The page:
You’ve probably heard things like this: Men get turned on at the slightest provocation and are ready to have sex anytime, anywhere, while women tend to want sex less often and have to be “in the mood.” For years, that’s been the widespread belief: Men just have higher sex drives than women.
Research has often been cited to back up the idea that, perhaps because of their higher testosterone levels, men think more about sex, seek it more actively, and get turned on more easily. Men’s sexuality is like an on-off switch, while women’s sexuality is a complicated network of connections. Right?
Other research – along with an evolving understanding of sexuality, gender, and desire – are telling us that sex drive doesn’t fit neatly into columns labeled “male” and female.”
“Not only is the idea that men have higher sex drives an oversimplified notion, but it’s really just not true,” says Sarah Hunter Murray, PhD, a marriage and family therapist and the author of Not Always in the Mood: The New Science of Men, Sex, and Relationships.
“Our social norms and the ways we’re raised to either lean into our sexuality or repress it have a huge impact on how we experience our sexuality and how we report it in studies,” Hunter Murray says. “People raised as men in our society have been typically given more permission to speak openly about wanting sex, while young women have often been told not to express their sexuality.”
Justin Garcia, PhD, executive director of the Kinsey Institute at Indiana University, agrees.
“Our sexual interest is driven by many factors, including not only biology, age, and use of medications, but also by situation – for both men and women,” he says. “Sexual attitudes are affected significantly by societal and religious attitudes. If you’ve been told that expressing your sexuality is bad, over time that will impact your sense of whether you should be doing it or not.”
And those messages may have influenced the research that has been telling us men want sex more than women.
Playing Into Stereotypes
In a 2007 study, researchers aimed to find out how much social norms influenced how men and women reported sexual behaviors including masturbation, their number of sexual partners, and watching pornography. The people they studied – all college students – were asked the same set of questions but were split into three groups.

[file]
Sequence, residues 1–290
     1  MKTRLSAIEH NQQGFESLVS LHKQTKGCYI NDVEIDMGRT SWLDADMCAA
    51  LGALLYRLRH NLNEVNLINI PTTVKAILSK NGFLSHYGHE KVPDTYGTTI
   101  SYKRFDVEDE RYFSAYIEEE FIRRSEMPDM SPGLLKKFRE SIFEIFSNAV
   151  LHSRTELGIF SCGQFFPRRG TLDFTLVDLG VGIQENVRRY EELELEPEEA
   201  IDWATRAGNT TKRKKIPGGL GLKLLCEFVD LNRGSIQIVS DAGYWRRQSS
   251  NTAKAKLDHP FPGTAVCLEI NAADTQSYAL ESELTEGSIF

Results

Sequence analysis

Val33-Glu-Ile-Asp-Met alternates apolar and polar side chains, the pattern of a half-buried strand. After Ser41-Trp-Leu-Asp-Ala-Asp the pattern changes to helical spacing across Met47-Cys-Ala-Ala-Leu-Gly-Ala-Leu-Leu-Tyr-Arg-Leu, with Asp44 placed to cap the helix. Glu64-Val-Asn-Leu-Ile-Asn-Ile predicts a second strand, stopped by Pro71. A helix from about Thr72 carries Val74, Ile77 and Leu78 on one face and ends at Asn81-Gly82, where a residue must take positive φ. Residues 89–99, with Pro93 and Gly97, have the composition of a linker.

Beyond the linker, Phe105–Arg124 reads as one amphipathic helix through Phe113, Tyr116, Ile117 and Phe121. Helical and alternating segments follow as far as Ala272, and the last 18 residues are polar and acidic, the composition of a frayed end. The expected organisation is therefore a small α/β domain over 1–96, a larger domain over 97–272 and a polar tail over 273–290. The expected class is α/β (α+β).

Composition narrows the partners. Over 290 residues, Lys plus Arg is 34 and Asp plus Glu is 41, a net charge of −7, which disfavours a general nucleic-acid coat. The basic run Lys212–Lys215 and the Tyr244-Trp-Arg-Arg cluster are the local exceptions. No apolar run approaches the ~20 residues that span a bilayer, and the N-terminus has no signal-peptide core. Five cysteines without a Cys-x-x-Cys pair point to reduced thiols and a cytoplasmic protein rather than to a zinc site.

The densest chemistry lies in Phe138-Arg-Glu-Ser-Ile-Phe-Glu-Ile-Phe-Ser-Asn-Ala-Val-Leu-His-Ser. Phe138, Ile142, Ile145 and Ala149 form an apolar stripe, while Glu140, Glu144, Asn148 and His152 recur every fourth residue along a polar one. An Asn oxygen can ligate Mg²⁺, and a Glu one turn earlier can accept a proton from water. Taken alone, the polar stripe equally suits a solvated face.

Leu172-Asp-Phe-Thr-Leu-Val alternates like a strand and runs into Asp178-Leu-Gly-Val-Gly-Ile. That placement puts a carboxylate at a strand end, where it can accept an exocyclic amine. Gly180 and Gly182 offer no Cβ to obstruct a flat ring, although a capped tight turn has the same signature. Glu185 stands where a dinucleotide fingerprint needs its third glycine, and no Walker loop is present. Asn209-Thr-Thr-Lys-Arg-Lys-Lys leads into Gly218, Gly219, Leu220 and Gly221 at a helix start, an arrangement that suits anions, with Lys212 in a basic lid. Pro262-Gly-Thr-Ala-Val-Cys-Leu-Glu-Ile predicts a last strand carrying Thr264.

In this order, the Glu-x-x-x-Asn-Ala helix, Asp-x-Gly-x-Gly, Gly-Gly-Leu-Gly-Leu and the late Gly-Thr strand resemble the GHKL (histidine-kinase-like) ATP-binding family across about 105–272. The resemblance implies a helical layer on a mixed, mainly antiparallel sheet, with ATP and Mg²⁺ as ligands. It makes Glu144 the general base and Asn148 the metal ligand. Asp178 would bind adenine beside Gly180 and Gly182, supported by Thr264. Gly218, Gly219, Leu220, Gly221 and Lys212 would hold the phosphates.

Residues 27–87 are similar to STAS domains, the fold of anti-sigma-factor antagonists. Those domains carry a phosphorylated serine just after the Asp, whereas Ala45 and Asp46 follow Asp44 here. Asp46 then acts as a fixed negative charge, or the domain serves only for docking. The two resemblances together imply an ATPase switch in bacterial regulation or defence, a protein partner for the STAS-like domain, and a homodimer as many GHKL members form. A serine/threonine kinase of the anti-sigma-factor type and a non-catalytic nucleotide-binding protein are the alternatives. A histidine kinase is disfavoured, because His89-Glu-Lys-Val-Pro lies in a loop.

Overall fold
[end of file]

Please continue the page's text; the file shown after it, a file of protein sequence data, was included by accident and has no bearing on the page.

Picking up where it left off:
- One group was told that the research assistants (their college-aged peers) would see their answers.
- A second group was connected to a lie detector machine and told (incorrectly) that it would know if they were not telling the truth.
- The third group was not connected to the lie detector during their survey and was also not told that their answers would be seen.
In almost all questions, men and women tended to report different levels of sexual activity when they thought peers would be seeing their answers. Sex differences were much smaller in the lie detector group.
For example, when they believed peers would see their responses, men reported masturbating much more often than women did. But those differences virtually disappeared in the lie detector group.
And when people believed that their peers would see their answers, men reported having about 3.7 sexual partners, while women reported about 2.6. In the lie detector group, men reported about 4.4 sexual partners and women about 4.0.
Men Don’t Always Want Sex
Despite stereotypes, a significant proportion of men – as many as 1 in 6 – regularly have low levels of sexual desire, meaning low enough for the person to see it as a problem. A 2010 review of multiple studies found that approximately 14% to 19% of men regularly and reliably indicated that they had problematically low or decreased sexual desire.
“Men aren’t walking robots that want to have sex at the drop of a hat,” Hunter Murray says. “We often don’t give men permission to talk about the things that lead to low sex drive, such as relationship dynamics, stress, exhaustion at work, parenting, and the chores and daily grind of life.”
It’s hard to gauge whether men really want sex more than women when you’re interviewing either men or women in isolation for research. If a man says he wants sex more than his female partner does, how do you know she’d see things the same way?
The few studies that have looked at sexual desire in a “dyadic” relationship – that is, they interviewed opposite-sex couples in a relationship with each other – have pretty consistently found that men are no more or less likely to be the partner who wants more sex, more often.
One of the first studies to find this pattern was done more than 20 years ago. Among group of 72 college-age, heterosexual couples, about half reported that they had similar levels of sexual desire. Among the couples who differed in their desire, about half of those said it was the male partner who wanted sex less often.
More recently, Hunter Murray published a similar study of college-age couples that had much the same results. About half of the couples had similar levels of desire. And among those who did not, men were just as likely as women to be the partner with lower sex drive.
“Multiple studies show that men’s and women’s sexual desire levels are more similar than different,” Hunter Murray says. There has not been much research on levels of desire in transgender and nonbinary people.
“Gender norms about sex drive are outdated in a lot of ways,” she says. “If there’s something about the way you experience desire that falls in line with a stereotype, that’s fine, but so many of us fall outside of these limited boxes. There are men whose interest in sex ranges from low to none, to very high, and it’s the same for women. As humans, we vary, and as long as your sexual expression is in a healthy way that feels good and right for you [and your partner(s)], chances are your experience is normal.”